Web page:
Again as Darren said we have a very unique ancillary service platform which in this climate of healthcare reform and rationalization we think bodes well for our future and our positioning in the market. We have good balance sheet, no near-term debt maturities and significant liquidity, very actionable growth opportunities ahead of us including acquisitions, repositionings and expansions and a very experienced management team.We reported our first quarter of 2012 last week. Our primary reporting metric is cash flow per share or CFFO. We reported CFFO of $58.5 million or $0.48 a share. Our occupancy year over year was up 60 basis points and same community revenue per unit was up 1.6%. The numbers in the first quarter were impacted by changes in Medicare rates that have occurred October 1st of last year and January 1st of this year. So the first quarter of last year as reported was $0.51. If you adjust for these changes in the Medicare rates, it would have been $0.44. So just over a 10% growth year over year after adjusting for those changes in Medicare rates. We have been pretty aggressive since we went public in 2005 on the acquisition side. The most recent acquisition we closed was towards the end of 2011 when we acquired the ninth largest of operator of senior housing in the US Horizon Bay. At that point Horizon Bay operated 91 communities with just over 16,000 units. we integrated that acquisition very quickly, actually did the lion share of the backbone system cutovers within a 60-day period. And we are now in the process of rolling out our ancillary services to those communities. Ross will get into a little more detail on our ancillary service growth opportunities here in a moment. Brookdale has a national footprint, we operate 646 communities in 35 states. We have a capacity to serve about 67000 residents. One of our key business strategies is scale and market in a range of product in market. So you will see that we are the only national senior housing operator that operates a range of senior housing product types. We operate independent living, assisted living, memory care, rental CCRCs and entry fee CCRCs. Again we also have a strong ancillary service platform. The lion share of our ancillary business is outpatient therapy and home health services.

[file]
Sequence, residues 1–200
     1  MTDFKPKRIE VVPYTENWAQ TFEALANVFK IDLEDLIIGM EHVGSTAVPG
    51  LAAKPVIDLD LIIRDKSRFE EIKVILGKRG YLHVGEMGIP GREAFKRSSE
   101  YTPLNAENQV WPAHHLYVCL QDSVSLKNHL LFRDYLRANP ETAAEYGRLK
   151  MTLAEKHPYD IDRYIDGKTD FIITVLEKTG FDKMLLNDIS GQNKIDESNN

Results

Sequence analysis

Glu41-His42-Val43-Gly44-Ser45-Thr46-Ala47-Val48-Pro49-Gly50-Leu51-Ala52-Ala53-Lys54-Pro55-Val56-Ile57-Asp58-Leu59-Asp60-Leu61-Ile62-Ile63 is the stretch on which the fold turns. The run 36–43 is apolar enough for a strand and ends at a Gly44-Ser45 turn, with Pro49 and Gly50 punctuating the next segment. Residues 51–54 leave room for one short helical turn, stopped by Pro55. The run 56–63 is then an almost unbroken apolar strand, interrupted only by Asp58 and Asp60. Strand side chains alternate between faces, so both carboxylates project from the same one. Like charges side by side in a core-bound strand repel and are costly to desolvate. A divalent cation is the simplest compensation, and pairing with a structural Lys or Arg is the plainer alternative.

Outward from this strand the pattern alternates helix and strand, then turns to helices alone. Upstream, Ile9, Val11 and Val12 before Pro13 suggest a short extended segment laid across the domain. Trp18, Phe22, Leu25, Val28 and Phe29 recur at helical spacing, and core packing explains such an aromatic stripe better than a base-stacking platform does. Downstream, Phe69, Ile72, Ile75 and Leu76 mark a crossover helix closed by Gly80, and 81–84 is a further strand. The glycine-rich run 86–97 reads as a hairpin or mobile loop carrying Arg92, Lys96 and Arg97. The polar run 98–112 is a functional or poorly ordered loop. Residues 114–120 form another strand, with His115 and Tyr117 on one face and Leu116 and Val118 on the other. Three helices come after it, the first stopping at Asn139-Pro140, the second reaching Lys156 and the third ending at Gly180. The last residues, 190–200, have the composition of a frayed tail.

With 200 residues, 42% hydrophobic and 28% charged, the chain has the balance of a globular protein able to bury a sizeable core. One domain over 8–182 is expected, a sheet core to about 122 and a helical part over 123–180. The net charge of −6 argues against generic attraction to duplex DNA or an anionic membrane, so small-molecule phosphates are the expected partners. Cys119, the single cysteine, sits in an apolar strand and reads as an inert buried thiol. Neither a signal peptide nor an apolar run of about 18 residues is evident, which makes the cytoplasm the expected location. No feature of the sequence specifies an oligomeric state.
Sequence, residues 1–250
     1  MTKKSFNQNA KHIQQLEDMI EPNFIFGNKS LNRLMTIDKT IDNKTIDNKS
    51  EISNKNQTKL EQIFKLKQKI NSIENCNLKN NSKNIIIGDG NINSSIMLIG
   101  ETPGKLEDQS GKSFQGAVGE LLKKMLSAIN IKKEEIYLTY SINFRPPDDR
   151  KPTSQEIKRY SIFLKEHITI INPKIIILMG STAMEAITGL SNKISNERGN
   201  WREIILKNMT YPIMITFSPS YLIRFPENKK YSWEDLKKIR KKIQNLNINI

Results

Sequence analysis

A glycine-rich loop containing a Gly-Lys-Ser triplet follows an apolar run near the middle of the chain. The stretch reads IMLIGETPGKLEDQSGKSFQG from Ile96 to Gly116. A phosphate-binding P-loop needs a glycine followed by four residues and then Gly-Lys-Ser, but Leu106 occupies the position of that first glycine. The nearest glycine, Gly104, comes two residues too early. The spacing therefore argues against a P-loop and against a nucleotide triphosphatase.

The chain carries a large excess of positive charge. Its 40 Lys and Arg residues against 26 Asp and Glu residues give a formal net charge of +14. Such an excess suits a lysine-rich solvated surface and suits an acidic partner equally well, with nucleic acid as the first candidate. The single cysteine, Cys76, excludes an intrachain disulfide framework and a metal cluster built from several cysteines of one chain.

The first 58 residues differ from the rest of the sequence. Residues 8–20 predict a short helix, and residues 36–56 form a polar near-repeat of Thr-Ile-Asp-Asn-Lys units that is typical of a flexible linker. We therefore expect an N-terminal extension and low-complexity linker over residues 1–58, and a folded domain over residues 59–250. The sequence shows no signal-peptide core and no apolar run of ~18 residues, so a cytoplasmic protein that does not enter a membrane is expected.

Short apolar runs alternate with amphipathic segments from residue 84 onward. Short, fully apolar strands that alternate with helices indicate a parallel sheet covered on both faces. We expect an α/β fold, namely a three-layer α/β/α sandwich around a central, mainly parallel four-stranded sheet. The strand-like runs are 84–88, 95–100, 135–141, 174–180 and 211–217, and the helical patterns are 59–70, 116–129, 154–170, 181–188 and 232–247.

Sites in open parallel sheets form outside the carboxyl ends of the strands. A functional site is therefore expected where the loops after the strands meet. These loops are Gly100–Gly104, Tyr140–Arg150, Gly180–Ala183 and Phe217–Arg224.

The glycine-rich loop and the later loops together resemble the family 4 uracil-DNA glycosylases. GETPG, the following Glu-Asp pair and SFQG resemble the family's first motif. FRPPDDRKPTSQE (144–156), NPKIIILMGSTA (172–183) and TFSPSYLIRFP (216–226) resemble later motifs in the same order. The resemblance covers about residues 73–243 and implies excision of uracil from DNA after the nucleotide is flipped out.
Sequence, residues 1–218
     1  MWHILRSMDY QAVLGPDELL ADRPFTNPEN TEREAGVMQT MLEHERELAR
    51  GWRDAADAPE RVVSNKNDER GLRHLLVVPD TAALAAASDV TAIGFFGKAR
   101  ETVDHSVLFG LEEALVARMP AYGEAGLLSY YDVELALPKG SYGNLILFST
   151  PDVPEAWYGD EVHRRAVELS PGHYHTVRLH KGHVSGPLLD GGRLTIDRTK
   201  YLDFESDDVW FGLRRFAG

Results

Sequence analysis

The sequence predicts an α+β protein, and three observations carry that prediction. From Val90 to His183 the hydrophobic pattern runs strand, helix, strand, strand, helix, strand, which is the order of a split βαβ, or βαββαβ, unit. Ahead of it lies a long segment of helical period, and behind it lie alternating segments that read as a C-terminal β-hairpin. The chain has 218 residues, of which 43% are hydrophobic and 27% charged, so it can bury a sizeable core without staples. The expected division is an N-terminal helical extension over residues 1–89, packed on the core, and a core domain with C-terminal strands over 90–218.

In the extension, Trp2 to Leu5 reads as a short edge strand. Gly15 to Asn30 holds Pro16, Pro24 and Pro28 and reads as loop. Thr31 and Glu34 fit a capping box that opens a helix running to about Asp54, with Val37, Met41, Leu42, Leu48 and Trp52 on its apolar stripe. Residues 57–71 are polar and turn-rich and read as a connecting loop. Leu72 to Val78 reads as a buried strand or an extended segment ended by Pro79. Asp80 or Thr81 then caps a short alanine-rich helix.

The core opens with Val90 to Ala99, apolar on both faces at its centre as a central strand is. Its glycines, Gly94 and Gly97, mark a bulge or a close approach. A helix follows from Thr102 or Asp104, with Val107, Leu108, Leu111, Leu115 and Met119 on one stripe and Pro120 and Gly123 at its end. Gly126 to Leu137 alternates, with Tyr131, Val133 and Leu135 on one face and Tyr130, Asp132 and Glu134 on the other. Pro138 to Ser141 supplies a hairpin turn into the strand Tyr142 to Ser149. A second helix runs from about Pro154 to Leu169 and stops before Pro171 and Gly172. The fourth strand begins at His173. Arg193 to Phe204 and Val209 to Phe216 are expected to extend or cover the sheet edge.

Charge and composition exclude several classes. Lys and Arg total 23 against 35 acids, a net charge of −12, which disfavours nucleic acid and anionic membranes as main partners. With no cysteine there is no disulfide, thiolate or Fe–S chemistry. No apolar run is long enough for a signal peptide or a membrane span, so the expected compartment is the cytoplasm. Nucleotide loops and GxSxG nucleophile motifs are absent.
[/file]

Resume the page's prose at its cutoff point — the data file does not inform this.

We offer this range of services in a number of markets. We have 18 or 20 markets across the country that we call major markets M2 or M3 markets. Those are markets like Kansas City and Denver, Tampa where we have the full range of product in the market and we are able to take care of customers throughout their period of need and move folks in that market continuum of service. The tables you see here on the top right are mix by a level of care. That's our entire portfolio which includes the assets that we manage. And in the lower right is the mix of our units in our P&L in our consolidated operations.Again it's a very diversified portfolio. From a revenue standpoint our business is 80% private pay, about 15% of our revenue is from Medicare. Within that we have three primary services we offer that are covered by Medicare, home health, outpatient therapy and we do of a fair amount of rehab in the skilled nursing operations on our CCRC campuses. But 80% of our revenue is private pay. You can see sort of the ownership distribution of our units in the pie chart in the upper right. We manage 27% of our capacity and in many cases we are actually a joint-venture partner in those portfolios. We own a third of our units and we lease 40% of our units principally from the large national healthcare REITs of whom are I am certain familiar. Of our 67,000 units our ancillary platform serves 42,500 units with outpatient therapy and just over 37,000 units with home health. One of the key parts to our story of course is the long-term supply demand dynamics and ageing demographics in the United States. A very interesting phenomenon in the demographic numbers over the next five years. The most recent census, the 80+ population in the United States was 12 million. Through 2015, that age group is actually forecast to be relatively stable, in terms of the total numbers but in terms of affluence within that age group the 80+ population with the incomes under 50,000 or over 50,000 are projected to changing distribution by almost 1.5 million in the five-year period of time. Read the rest of this transcript for free on seekingalpha.com